“I have to admit, I had been expecting to hear that groups had temporarily shut down operations,” Rourke says. “But many of them have been figuring out new and innovative ways to stay connected.”
Mentors and children with Big Brothers Big Sisters of New Hampshire, for instance, have competed in virtual scavenger hunts and have eaten pizza together over Zoom. At the Mayhew Program, a year-round mentoring program for boys with a summer camp at Newfound Lake, campers unable to gather in person have played online soccer and chess. The Boys and Girls Club of Greater Nashua lent its fleet of vans to help distribute food aid throughout the city, and also provided emergency childcare to children of essential workers with help from a Foundation grant.
“There is just story after story of people overcoming this pandemic and keeping those connections,” says Stacy Kramer, executive director of Big Brothers Big Sisters New Hampshire, which also distributed food baskets and care packages for the children in its program, with healthy snacks, art supplies, hand sanitizer and masks, among other goodies. “We’ve had to be creative.”
That was certainly true for Alivia and her mentor, LuCynda Anderson, who is retired from a career in the fashion industry. At first, they connected by video call.
“I was doing FaceTime with her every Sunday morning,” Anderson recalls. “It was a lot more fun than I thought it would be.”
But the pair was used to baking and hiking and playing outside. So soon Alivia took Anderson for a “walk” in the garden, while from the other side of the screen Anderson helped identify plants. Since then they have talked across a driveway and, more recently, have met up for a socially-distanced playdate with Anderson’s new Labrador Retriever puppy.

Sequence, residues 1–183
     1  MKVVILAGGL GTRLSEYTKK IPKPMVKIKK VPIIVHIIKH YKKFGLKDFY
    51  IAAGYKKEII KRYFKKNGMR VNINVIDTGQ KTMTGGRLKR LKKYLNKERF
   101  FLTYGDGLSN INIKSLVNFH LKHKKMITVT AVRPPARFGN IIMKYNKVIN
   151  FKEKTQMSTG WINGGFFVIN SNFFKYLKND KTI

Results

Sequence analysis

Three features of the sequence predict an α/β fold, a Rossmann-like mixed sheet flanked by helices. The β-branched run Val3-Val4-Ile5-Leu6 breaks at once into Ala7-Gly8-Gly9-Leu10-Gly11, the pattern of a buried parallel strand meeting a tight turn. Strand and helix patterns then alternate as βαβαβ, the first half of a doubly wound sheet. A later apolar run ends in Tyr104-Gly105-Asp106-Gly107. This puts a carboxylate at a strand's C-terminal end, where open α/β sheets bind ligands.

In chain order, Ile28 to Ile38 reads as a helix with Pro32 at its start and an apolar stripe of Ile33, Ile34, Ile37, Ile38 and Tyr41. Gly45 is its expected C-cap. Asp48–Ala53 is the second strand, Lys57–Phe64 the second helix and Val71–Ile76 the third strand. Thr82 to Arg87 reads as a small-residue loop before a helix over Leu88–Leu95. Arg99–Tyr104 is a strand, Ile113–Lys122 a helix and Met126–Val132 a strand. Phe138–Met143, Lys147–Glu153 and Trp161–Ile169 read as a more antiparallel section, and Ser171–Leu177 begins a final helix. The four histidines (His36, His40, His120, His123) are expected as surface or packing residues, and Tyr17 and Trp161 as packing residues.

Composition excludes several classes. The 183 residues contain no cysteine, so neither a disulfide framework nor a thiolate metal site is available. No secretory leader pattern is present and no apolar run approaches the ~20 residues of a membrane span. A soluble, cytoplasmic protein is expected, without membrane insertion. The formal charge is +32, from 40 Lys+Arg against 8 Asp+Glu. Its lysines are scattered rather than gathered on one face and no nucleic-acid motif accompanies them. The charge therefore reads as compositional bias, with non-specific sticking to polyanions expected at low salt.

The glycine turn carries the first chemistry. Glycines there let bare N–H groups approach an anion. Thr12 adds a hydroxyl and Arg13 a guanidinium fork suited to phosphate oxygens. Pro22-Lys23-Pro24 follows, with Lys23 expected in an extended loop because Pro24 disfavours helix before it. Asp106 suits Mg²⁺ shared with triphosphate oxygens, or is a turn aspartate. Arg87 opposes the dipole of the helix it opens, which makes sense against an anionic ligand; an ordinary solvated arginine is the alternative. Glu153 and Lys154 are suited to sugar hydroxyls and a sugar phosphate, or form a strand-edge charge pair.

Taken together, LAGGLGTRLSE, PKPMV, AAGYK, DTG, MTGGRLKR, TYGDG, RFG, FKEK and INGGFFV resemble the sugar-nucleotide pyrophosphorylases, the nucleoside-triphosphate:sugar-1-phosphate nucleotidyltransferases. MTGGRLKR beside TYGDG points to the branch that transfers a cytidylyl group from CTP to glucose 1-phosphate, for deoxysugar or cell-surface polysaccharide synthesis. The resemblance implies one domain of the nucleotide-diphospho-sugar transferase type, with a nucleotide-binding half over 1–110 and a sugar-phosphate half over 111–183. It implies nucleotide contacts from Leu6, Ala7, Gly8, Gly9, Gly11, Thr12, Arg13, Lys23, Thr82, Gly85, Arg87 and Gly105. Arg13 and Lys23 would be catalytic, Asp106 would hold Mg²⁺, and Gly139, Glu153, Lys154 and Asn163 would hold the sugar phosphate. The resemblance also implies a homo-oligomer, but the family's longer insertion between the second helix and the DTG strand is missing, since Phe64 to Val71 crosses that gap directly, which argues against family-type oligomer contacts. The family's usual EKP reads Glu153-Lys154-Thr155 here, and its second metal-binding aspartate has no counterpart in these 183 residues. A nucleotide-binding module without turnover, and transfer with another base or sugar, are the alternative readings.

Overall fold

Circle Program Executive Director Chelsea Francek says this is typical: often times it has been the mentee coming up with new ways to keep relationships going during the pandemic. One child, for instance, gives her mentor art lessons every week, demonstrating how to draw anime characters.
These bits of connection have been crucial for both mentors and mentees, says Mayhew Program Executive Director Jim Nute — even if they can never compare to in-person interactions.
“When it comes down to it, what kids need, and what we need as people, are pretty basic things,” he says. “You need someone who is willing to listen … and also cheer you on and remind you how capable you are in your lowest moment. You don’t have to be on an island in the middle of Newfound Lake to do that.”
Nonprofits need help more than ever to sustain operations and respond to community need. Please consider giving to help support their critical missions. If you are a fund-holder at the Charitable Foundation and would like to use your fund to address increased community needs during this time, please call 1-800-464-6641 and choose option three for donor services, or email email@example.com.